Beatrice Bruteau says that ecstatic love is loving someone in such a way that you love what they love in the way that they love it, not because they love it. You enter into their reality so profoundly that you join in their outflowing love.

I have a friend who loves buckeye trees. I never thought much about buckeye trees before knowing this friend, but now I’m always happy to meet one of them and notice with affection the curve of their leaves, the profusion of their flowers, and of course the smooth nuttiness of the buckeye.

Bruteau goes on to say that the universe is God’s ecstasy, is God’s outflowing love. To fully embrace the miracle of our own existence is necessarily to embrace the miracle of all existence.  To give an ecstatic yes to the infinite Love being poured out as our lives, as Jim Finley would call it, is to wake up to the intimacy and joy in which we belong to all creation.

Free of any need to contain the infinite in our limited understanding, we can learn what it means to be alive.

 

 

Listening to the News in Spring

Spring broke through all my inattentiveness with a riot of color this week. The poppies and lupine trumpeted orange and purple, a row of plum trees displayed their delicate pink, and a tall, loose-limbed tree reminded the world, this is yellow. At the same time, the news was playing on the radio.

It’s difficult to reconcile the beauty of a spring day with war, racism, climate change, corruption—all of the hurt we humans in our woundedness do to each other and to the Earth. I often want it to be one way or the other, but we are not one way or the other. Life is not one way or the other.

To reconcile is not to choose one thing over another nor to consider one true and the other false, one more important and the other less so. Instead we must see and hold both, recognize the truth of suffering and of love.

This is the good news, the presence of love in the midst of suffering, not separate from it. We don’t know how to tell this story in our newscasts. We hear only of killing, cruelty, and destruction in certain areas of the world. We do not hear at the same time that people in that country are laughing, falling in love, marveling at a skill they learned for the first time.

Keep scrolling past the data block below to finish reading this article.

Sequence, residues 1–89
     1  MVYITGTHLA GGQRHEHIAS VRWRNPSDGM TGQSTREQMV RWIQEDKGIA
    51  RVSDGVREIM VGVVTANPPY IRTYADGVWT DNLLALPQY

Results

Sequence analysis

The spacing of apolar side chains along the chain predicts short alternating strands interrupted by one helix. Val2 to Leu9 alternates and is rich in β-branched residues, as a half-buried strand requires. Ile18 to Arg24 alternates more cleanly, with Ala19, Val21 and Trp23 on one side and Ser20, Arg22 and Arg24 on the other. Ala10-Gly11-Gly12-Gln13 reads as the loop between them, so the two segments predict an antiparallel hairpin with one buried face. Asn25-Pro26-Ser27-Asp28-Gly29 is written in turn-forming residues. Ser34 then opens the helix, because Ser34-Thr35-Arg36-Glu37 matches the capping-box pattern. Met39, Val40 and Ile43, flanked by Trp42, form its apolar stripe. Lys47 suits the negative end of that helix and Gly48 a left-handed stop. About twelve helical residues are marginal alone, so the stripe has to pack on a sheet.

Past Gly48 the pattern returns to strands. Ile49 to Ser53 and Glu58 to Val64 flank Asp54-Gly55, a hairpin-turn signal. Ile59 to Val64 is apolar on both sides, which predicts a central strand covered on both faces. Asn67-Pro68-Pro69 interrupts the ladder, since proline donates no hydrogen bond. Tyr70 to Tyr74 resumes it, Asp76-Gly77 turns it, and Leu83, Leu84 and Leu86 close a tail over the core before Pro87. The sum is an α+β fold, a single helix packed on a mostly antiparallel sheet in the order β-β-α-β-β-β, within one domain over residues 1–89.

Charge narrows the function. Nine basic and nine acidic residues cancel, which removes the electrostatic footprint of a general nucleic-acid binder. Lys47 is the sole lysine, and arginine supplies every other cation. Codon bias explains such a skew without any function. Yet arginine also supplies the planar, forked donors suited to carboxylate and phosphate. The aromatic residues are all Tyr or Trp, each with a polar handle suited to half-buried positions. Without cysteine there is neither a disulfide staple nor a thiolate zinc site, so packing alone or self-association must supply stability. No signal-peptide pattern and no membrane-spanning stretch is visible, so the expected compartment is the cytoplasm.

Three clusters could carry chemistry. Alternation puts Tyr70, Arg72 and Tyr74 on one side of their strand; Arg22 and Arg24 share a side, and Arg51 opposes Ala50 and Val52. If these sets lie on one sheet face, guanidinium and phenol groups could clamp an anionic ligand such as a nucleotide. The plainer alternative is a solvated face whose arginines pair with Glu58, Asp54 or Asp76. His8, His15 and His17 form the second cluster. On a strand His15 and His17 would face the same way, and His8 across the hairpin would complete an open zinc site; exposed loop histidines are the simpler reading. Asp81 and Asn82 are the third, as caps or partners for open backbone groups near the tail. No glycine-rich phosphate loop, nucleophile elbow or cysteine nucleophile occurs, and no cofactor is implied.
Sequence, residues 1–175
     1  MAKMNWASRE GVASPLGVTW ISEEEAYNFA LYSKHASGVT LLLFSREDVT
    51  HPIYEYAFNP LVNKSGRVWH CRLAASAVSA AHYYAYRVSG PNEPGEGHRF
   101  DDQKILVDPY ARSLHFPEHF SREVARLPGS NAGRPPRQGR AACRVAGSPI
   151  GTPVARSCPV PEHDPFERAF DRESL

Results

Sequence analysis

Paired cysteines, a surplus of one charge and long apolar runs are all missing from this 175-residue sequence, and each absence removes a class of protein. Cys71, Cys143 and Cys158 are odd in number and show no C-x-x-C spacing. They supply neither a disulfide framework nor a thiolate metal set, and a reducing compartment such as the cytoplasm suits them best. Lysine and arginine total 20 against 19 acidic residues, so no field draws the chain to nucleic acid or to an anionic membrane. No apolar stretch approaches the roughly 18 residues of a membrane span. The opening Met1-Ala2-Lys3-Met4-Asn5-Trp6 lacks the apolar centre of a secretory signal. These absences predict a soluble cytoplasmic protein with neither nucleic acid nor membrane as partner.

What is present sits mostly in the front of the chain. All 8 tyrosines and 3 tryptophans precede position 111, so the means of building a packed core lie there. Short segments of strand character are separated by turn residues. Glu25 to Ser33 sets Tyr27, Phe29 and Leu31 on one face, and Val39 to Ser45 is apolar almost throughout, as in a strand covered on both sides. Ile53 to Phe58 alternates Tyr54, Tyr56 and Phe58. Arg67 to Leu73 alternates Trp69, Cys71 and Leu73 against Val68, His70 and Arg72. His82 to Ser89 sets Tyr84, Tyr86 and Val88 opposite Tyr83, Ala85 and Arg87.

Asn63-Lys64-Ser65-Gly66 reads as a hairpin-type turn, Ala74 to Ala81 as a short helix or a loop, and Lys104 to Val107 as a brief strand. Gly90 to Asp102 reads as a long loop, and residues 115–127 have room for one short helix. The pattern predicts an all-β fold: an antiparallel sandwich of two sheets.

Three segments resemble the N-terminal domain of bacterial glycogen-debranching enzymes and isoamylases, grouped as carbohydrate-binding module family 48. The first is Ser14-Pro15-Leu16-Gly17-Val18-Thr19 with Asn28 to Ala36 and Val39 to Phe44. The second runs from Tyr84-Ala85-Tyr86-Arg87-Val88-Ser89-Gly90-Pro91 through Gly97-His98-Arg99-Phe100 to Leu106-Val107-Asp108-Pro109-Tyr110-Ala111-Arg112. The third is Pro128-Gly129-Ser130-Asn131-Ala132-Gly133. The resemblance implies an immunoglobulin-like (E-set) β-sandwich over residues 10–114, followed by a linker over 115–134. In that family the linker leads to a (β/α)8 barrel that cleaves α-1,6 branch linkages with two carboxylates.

Richard Rohr recommends saying, “Yes, and.” Yes, the rich oppress the poor and think it’s justified. Yes, in the town where each of us lives, today, a girl will be the victim of incest and a person of color will be discriminated against.

And love is the nature of existence. Love is the energy that moves the electrons comprising us in their orbits and continually gives itself away to make our universe anew every microsecond. Love is at the core of all of us in our most generous, most joyful, most selfish, and most destructive moments.

Here’s a poem from William Stafford about how to recognize this reality and what happens when we do.

Grace Abounding
by William Stafford

Air crowds into my cell so considerately
that the jailer forgets this kind of gift
and thinks I’m alone. Such unnoticed largesse
smuggled by day floods over me,
or here come grass, turns in the road,
a branch or stone significantly strewn
where it wouldn’t need to be.

Such times abide for a pilgrim, who all through
a story or a life may live in grace, that blind
benevolent side of even the fiercest world,
and might – even in oppression or neglect –
not care if it’s friend or enemy, caught up
in a dance where no one feels need or fear.

I’m saved in this big world by unforeseen
friends, or times when only a glance
from a passenger beside me, or just the tired
branch of a willow inclining toward earth,
may teach me how to join earth and sky.

 

Allow the Moment

Every now and then, it would be a good idea for me to listen to myself. I often repeat Jim Finley’s description of our lives as “infinite love infinitely giving itself away as every breath and heartbeat,” but I rarely pause to experience this contraction of the ventricles right now, this surge of oxygen into the air sacs as infinite love.

Every day I find a thousand reasons not to walk around in complete awe of that reality. How have I convinced myself that passing concerns, whatever they may be, are more real than the miracle of existence?

I had some help, of course. Our culture teaches us to buy more stuff instead of being blown away by the gift of our lives. It urges us to have everything figured out and be right rather than discover what each moment is teaching us.

I don’t mean a lesson about what we’ve been doing wrong or how we need to improve; I mean an entry way into ever deeper love. We have to let our lives do the teaching, though. We can only bring what we already know and the limited world that we can imagine. If we continually look within our own narrow vision for the horizons the universe is offering, we’ll miss seeing anything new.